Plus, turns out--Harry is really sweet, and obviously actually cares about her. Hmmmm. Any guesses about where THAT might go? All together now: "Even dead people know what's going to happen!"

The Analysis:

LGBT Folks Watch:
Anthony--just for something new and different! He is amusing in the few scenes that they give him, as per ever. And I am glad to see an actual gay, recurring character, even if he is something (okay, a lot-ing) of a raging stereotype of What Gay Men Are Like. (Outrageous buddy to uptight straight girl? Check! Obsessive interest in both fashion and anonymous sex--not necessarily in that order? Check!) Ah well. He at least reminds us that The Gays do, indeed, exist... which the show is all too often in danger of forgetting. So... success? A little bit...?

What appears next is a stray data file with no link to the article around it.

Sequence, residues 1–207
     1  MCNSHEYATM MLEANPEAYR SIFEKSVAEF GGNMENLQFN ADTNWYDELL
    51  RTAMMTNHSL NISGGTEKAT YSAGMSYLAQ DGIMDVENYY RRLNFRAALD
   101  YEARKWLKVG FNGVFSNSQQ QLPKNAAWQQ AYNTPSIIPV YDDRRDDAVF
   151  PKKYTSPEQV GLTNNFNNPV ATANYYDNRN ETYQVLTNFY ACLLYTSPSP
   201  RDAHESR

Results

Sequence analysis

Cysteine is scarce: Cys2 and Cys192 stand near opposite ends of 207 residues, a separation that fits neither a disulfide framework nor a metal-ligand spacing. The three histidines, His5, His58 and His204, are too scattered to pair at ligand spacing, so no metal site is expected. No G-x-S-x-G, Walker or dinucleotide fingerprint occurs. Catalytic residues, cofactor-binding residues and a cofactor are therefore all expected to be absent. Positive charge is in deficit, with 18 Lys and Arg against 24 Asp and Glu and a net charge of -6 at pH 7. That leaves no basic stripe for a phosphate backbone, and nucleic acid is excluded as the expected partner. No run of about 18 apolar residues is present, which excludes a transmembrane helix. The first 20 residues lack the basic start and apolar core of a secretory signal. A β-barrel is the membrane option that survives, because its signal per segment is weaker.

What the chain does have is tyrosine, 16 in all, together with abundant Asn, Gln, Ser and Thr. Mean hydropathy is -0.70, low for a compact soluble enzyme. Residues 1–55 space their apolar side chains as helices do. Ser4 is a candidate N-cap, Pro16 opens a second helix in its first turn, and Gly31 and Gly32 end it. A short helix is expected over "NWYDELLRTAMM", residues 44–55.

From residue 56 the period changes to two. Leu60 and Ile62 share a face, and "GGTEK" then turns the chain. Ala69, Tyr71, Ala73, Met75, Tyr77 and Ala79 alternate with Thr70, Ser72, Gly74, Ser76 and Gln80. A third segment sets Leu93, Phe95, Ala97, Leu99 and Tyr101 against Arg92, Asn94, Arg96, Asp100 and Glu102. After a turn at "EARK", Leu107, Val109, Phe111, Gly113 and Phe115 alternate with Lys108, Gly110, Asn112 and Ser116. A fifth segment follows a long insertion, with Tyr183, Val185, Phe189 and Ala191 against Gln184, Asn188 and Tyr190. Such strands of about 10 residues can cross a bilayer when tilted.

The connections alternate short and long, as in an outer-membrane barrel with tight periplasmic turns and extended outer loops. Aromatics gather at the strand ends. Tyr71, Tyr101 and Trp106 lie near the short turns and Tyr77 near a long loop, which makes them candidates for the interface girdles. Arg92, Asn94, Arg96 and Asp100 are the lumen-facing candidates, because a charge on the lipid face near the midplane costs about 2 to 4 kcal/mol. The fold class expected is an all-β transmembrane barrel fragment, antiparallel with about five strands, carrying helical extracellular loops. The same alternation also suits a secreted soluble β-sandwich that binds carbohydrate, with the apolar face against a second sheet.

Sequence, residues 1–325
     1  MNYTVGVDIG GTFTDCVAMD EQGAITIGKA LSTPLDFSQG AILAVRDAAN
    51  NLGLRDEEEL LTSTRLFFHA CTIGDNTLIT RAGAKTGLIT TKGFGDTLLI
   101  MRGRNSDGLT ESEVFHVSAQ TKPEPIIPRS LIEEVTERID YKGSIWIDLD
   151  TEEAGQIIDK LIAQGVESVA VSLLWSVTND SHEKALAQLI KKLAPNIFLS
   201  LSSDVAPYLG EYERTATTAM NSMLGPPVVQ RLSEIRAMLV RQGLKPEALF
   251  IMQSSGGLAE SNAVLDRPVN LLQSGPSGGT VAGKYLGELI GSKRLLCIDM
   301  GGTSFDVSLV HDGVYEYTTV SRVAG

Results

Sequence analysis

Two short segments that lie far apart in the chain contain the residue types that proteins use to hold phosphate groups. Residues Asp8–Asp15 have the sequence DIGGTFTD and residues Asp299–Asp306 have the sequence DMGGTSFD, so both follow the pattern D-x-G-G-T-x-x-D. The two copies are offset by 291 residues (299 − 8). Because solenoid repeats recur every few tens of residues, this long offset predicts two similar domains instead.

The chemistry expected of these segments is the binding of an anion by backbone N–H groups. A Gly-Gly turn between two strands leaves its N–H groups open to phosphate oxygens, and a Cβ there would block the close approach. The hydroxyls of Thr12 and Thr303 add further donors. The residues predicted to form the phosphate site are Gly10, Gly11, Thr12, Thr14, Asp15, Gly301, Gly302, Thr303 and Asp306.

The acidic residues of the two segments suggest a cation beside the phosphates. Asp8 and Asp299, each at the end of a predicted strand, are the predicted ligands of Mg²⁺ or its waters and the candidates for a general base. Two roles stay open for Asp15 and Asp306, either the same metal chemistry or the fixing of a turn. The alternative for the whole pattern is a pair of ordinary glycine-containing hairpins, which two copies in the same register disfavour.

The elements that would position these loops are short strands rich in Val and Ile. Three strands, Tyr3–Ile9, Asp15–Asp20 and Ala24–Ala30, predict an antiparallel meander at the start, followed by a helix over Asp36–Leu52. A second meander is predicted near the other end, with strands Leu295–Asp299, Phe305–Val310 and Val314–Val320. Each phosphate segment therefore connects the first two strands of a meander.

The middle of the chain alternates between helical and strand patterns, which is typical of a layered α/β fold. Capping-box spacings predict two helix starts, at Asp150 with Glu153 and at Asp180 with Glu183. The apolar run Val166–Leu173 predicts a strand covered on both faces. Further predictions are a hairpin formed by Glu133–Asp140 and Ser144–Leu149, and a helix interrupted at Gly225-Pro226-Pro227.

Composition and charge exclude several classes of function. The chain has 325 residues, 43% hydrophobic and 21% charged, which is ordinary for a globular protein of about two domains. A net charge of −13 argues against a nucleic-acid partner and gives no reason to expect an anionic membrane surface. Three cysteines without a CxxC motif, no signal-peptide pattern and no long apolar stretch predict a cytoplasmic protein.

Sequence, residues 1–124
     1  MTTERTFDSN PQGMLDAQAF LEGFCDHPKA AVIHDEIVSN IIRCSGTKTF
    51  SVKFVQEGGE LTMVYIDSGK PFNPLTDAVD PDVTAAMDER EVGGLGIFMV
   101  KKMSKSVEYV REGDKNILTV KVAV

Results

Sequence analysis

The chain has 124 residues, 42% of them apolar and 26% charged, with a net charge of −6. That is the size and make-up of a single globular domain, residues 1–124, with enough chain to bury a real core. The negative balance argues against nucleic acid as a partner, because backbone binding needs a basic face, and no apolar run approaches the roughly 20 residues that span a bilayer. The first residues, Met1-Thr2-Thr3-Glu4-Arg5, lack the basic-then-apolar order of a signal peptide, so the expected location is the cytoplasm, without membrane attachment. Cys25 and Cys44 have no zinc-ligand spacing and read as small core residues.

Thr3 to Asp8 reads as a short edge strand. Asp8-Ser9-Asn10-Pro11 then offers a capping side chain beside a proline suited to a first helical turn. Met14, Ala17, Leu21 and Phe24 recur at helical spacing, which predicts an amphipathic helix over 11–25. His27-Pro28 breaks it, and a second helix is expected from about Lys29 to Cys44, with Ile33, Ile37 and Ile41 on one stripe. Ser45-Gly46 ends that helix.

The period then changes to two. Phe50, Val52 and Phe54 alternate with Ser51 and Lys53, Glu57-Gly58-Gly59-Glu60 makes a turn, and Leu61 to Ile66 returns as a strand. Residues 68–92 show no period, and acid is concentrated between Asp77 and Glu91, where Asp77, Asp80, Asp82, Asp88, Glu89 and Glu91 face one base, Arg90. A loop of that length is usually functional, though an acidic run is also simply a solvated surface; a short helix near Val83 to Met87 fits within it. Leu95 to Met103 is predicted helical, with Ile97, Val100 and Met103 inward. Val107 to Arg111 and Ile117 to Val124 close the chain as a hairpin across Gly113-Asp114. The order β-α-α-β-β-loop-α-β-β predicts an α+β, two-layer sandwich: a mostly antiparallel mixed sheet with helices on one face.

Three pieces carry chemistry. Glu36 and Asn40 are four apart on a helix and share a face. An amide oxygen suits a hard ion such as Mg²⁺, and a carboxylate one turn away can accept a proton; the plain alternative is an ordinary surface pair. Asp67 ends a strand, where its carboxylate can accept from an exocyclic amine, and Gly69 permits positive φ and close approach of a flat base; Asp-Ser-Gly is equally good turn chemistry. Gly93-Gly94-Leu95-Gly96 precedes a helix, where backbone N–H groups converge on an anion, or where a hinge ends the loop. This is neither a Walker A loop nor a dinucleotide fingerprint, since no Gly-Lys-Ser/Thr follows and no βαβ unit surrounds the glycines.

"He's Sweaty and Pushy": Continuing Questionable Language About Our Lone Jewish Character Watch: So on the plus side, Harry is... still around! Yay, Harry! Unlike 98 percent of the gents in the series, Harry is a nice guy, who seems like someone you would actually want to know, in real life. (Unlike pretty much all of Sam's conquests, and certain BIGS who shall remain nameless.)

On the minus side, I am still creeped out by how he is talked about here--Charlotte stresses over and over that he is not the kind of guy she wants to date because "he's not very attractive"--because he's all sweaty and pushy and vulgar. Given that these adjectives/ideas all too powerfully echo long-standing, pernicious stereotypes about The Jews, and Harry is, as we are oft reminded, one of the Chosen People... this makes me more than a leetle uncomfortable. And we haven't even gotten to the extended joke about how "hairy" Harry is yet... brace yourselves for that sucker anon!